All posts in PowerApps

Building a Modern SharePoint Solution: Part 2 – Integrating PowerApps as a Custom List Form

Welcome to the next part in my series about building a modern solution in SharePoint.  This post we are going to cover integrating PowerApps as a custom list form in your solution.  When PowerApps was first released, Microsoft made sure that everyone knew it wasn’t built for SharePoint.  In fact the first examples that Microsoft provided didn’t even involve SharePoint.  Since then SharePoint lists and libraries can be accessed by PowerApp forms using connectors into those environments.  Finally, in the final quarter of 2017 Microsoft provided the ability to integrate PowerApps directly into a list form, thus overriding the default forms of a list.  So like the InfoPath forms of days gone by, you can now use PowerApps for creating, editing and viewing data in your lists.  This post will cover setting up a PowerApp for these list forms.  The next post we will customize the form more to meet our needs for this solution.

Posts in this series:

  • Preparing SharePoint
  • Integrating PowerApps as a Custom List Form (this post)
  • Customizations All List Form PowerApps Should Have
  • Setting a SharePoint People Picker Field Programmatically in PowerApps
  • Cascading Drop-down Lists and People Picker in PowerApps
  • Create a Flow to be Started Manually
  • Creating a Multiple Approver Microsoft Flow
  • Sending a Tweet from Microsoft Flow
  • Starting a Microsoft Flow from a PowerApp

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Building a Modern SharePoint Solution: Part 4 – Setting a SharePoint People Picker Field Programmatically in PowerApps

Continuing my series on building a modern SharePoint solution using PowerApps and Flow I want to show how to go about setting a SharePoint people picker field programmatically in PowerApps.  This goes back to one of the requirements listed for my solution in part 1 of this series: “Requestor’s manager should be auto-populated as an approver”.  What’s nice about this is the manager field is filled in already by the company’s administration system.  It exists in Azure AD and thus within Office 365, which just so happens to have a connector that easily allows us to build with it.  I am getting ahead of myself though.  Let’s dig in and learn how to do this.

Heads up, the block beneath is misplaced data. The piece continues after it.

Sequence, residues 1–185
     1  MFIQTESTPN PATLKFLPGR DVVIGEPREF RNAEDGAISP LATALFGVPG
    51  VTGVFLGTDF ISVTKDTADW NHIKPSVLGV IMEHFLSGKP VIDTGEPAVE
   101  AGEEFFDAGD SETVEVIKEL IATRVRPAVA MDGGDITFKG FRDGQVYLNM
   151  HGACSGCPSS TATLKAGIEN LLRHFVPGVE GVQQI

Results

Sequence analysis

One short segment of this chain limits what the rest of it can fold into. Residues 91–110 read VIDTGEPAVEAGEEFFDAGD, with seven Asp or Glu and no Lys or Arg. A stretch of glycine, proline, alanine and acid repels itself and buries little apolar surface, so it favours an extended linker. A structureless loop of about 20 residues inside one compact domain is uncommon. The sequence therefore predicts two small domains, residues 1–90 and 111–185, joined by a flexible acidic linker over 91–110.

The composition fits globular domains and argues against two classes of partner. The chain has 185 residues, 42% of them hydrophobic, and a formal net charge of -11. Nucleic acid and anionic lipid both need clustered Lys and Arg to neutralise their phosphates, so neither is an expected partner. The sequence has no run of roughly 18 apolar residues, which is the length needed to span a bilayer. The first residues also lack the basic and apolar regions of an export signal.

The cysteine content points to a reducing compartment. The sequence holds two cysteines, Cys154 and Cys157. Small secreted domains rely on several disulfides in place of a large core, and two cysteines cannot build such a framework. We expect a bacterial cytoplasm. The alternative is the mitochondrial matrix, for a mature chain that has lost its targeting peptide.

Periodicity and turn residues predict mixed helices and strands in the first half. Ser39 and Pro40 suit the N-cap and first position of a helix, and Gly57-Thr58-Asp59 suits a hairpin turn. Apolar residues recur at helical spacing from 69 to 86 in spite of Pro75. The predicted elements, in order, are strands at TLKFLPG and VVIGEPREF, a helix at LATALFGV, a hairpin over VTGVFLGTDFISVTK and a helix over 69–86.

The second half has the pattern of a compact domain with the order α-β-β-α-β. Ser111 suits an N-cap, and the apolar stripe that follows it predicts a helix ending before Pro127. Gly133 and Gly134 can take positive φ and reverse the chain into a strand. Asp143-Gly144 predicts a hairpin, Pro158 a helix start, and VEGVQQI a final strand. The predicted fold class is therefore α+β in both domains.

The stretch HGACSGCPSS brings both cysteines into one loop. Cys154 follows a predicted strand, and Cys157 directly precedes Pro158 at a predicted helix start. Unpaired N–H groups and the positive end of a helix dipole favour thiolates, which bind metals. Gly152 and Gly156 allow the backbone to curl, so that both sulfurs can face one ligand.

Posts in this series:

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Building a Modern SharePoint Solution: Part 3 – Customizations All List Form PowerApps Should Have

In this third post in my series on modern SharePoint solutions, I will cover customizing PowerApp forms to meet the requirements of the business.  We’ll first start off with some basic customizations that need to be done for most form integrations.  When I started to write this post I initially had planned to discuss the modifications you should make for all and then move on to the custom modifications for the solution requirements.  The “default mods” quickly filled up this post, so I have moved the custom mods to the next one.

Posts in this series:

  • Preparing SharePoint
  • Integrating PowerApps as a Custom List Form
  • Customizations All List Form PowerApps Should Have (this post)
  • Setting a SharePoint People Picker Field Programmatically in PowerApps
  • Cascading Drop-down Lists and People Picker in PowerApps
  • Create a Flow to be Started Manually
  • Creating a Multiple Approver Microsoft Flow
  • Sending a Tweet from Microsoft Flow
  • Starting a Microsoft Flow from a PowerApp

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Microsoft PowerApps – Updating a Data Card from a Button

So the other day I was playing around with some field manipulation in PowerApps and thought about a use case I saw often with respect to updating fields when code from a button or some other action occurs.  Say for instance you wanted to update a hidden field with some information when a user clicked a button or completed some task on the form.  Maybe it isn’t a hidden field, but whatever the case may be, you need to be able to update that field.  I was surprised to note that it isn’t very intuitive in PowerApps, nor could I find much out there in the forums.  I did find some information around doing it with a Text Input field, but nothing specific to a data card.

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Microsoft PowerApps – Configure Your Data Cards to Look Like Data Cards

When building your data views in PowerApps, the items can look a bit blended together.  You can add separators, but things may still not look quite as nice.  For example, a simple view of the data (in this case the contents of a list) may look like this:

Configure Your Data Cards to Look Like Data Cards - No Formatting

This looks ok, but I would prefer to have each item be a bit more distinct.

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